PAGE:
Preclinical models of musculoskeletal infection
Developing standardized preclinical models to combat fracture-related infection
Musculoskeletal infections, such as fracture-related infection (FRI) are among the most common complications associated with the surgical fixation of trauma-related bone fractures. These infections usually involve bacterial colonization and biofilm formation on the fracture-fixation device, as well as infection of the surrounding tissues. Antibiotic prophylaxis, wound debridement, and postsurgical care can reduce, but not prevent, the incidence of these infections and so novel interventional strategies are required.
In the Musculoskeletal Infection group, we aim to use and develop standardized preclinical models of FRI that may be used to test the performance of any such new intervention. The value of a well standardized model is shown by our rabbit humeral osteotomy model with plating fixation and Staphylococcus aureus infection.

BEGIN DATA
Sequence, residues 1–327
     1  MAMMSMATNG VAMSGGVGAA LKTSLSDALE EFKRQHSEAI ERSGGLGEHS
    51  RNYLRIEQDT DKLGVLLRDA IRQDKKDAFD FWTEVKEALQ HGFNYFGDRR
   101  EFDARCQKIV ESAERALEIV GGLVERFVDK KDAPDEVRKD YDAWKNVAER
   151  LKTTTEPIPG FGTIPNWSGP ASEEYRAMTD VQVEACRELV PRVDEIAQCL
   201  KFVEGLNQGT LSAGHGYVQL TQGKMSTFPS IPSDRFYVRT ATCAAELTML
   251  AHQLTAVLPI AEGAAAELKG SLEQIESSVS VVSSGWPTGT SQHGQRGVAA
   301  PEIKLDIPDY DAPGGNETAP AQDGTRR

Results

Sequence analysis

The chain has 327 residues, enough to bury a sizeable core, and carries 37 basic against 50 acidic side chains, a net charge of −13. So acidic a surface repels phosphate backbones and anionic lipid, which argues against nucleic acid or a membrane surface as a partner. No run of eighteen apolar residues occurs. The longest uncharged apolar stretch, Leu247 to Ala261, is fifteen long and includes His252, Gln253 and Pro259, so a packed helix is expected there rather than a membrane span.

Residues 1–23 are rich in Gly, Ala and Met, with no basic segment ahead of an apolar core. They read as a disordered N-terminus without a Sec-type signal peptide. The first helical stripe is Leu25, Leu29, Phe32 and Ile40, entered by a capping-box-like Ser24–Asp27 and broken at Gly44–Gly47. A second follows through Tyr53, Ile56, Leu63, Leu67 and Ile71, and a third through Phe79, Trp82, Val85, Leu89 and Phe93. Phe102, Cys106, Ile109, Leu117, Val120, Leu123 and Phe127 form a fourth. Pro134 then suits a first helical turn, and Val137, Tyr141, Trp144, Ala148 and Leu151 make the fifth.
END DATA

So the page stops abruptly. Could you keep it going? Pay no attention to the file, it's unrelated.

The model has well described response to conventional antibiotic prophylaxis and treatment, with a good understanding of fracture healing in the presence or absence of infection. These features make the model a useful tool to study novel interventions where comparison to current gold standard, and fracture healing is required. Another model of interest is our large animal model of chronic intramedullary nail-related MRSA infection, with staged or direct re-nailing. This model is of interest as it utilizes human implants and human scale treatment protocols.
Although direct extrapolation from preclinical studies to the clinical setting is difficult, the development of standardized preclinical models of infection is expected to increase the relevance and comparability of results arising from preclinical studies.